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Foreign conglomerates threaten to delist from stock exchange

Peter Egwuatu
Indications have emerged that foreign conglomerates are threatening to delist from the Nigerian Stock Exchange (NSE) following the crisis that rocked the Exchange which led to the sack of erstwhile Director General, Professor Ndi Okereke-Onyiuke by the Securities and Exchange Commission (SEC).

*Arunma Oteh

Vanguard gathered that three blue chip companies, one from the Breweries sub sector, one from Food Beverage sub sector and the last one from Conglomerates sub sector are putting plans in place to delist from the NSE.

According to the information gathered,  loss of confidence, crisis in the Exchange and market meltdown were among the reasons why these companies are threatening to pull out from the stock exchange.
Although attempt at confirming the proposed plan to delist from the Stock Exchange by the three alleged companies proved abortive as all the companies’ corporate affairs unit declined comment.
Also the Head of Corporate Affairs unit of the NSE, Mr. Sola Oni declined comment as no reply was received from the text message sent to confirm or refute whether the Exchange has received notice regarding delisting notice from any company.

It would be recalled that in the first quarter of this year the stock market started showing sign of recovery after the global financial  meltdown which saw some stock exchanges around the world crashing.

The NSE was not speared as market capitalisation nose-dived from an all time high of N13.5 trillion in March 2008 to less than N4.6 trillion by the second week of January 2009. Besides, the All-Share Index (a measure of the magnitude and direction of general price movement) also  plummeted from about 66000 basis points to less than 22000 points in the same period.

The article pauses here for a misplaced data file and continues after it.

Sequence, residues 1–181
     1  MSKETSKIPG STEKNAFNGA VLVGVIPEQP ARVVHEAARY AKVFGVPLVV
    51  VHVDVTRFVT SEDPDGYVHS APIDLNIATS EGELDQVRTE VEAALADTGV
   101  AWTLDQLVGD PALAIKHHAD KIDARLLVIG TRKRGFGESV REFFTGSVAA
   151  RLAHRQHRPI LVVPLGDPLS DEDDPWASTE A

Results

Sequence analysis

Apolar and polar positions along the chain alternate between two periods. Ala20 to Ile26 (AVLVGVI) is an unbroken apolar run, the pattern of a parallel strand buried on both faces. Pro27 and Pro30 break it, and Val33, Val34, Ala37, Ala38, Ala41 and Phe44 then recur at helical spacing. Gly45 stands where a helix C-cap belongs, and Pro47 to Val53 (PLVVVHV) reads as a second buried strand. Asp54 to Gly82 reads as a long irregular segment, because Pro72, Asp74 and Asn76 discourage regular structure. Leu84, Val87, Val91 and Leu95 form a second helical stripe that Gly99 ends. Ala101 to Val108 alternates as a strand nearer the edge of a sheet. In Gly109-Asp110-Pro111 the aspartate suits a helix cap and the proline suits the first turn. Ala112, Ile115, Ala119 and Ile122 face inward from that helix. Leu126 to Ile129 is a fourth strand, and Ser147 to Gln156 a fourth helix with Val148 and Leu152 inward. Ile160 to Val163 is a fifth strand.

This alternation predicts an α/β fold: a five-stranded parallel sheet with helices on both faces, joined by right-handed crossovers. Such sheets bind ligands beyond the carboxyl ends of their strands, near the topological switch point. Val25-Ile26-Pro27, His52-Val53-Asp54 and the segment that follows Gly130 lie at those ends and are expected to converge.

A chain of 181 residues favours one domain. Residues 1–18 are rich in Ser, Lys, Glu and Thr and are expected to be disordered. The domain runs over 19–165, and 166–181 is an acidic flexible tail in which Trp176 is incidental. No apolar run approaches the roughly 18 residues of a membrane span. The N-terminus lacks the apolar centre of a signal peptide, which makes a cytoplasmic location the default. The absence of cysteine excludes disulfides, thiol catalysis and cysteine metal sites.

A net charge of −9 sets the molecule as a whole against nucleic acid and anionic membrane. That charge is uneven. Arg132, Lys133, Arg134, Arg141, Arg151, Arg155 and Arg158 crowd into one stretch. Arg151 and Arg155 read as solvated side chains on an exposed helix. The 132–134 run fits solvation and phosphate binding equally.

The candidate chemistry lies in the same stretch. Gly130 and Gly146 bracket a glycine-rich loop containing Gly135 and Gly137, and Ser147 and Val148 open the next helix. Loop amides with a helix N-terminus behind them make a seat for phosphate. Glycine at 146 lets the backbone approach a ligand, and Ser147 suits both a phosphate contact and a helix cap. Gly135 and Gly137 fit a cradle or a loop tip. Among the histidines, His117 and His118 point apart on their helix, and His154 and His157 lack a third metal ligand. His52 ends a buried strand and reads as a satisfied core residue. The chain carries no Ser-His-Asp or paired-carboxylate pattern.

Since then many investors have  lost confidence in the Nigeria capital market and preferred to convert their naira to foreign currencies, especially the dollar and hold them through their domiciliary accounts. This has in part led to worsening exchange rate against the naira.

There were mega losses by investors in the capital market whose total losses are not below 2/3 of their investment before the meltdown. In other words, most of the investors in the stock market  have less than one third of the value of their investments before the free-for-all fall.

Only recently, another crisis emerged at the Exchange with its President, Alhaji Aliko Dangote accusing the management of the NSE led by Prof. Okereke-Onyiuke of financial mismanagement.

This accusation and other accumulated internal issues affecting the NSE made the Securities and Exchange Commission (SEC) to sack Okereke-Onyiuke as DG, just to safeguard the market and protect the interest of common investors.

Ms. Arunma Oteh, Director General of the Commission had explained that the Investments and Securities Act (ISA)2007 vests the unalloyed responsibility for safeguarding the interest of the public and protecting the investors.

According to her,” the Commission has closely followed the developments in the NSE, particularly with respect to inadequate oversight of the Exchange, ongoing litigations, allegations of financial mismanagement, governance challenges, and the inordinate delays in the implementation of the succession plan for the Exchange. In following the developments, the Commission has at all times carefully deliberated on the implications and ramifications of a direct intervention in the affairs of the Exchange.

In this deliberation, the Commission weighed the consequences on the market of a direct intervention set against the broader goal of safeguarding the interest of the public and protecting the investor.

“The Commission has decided that it is in the interest of the public and necessary to protect the investor to issue the following directives.

That the: Council member elected as President of the Exchange in defiance of the Court order cease acting as the President pending the outcome of the ongoing litigation; Council Members elected in defiance of the Court order cease acting as members of the Council pending the outcome of the ongoing litigation; that the current Director-General of the Exchange, Professor Ndi Okereke-Onyuike, be removed from the office of Director General/Chief Executive Officer of the NSE”.


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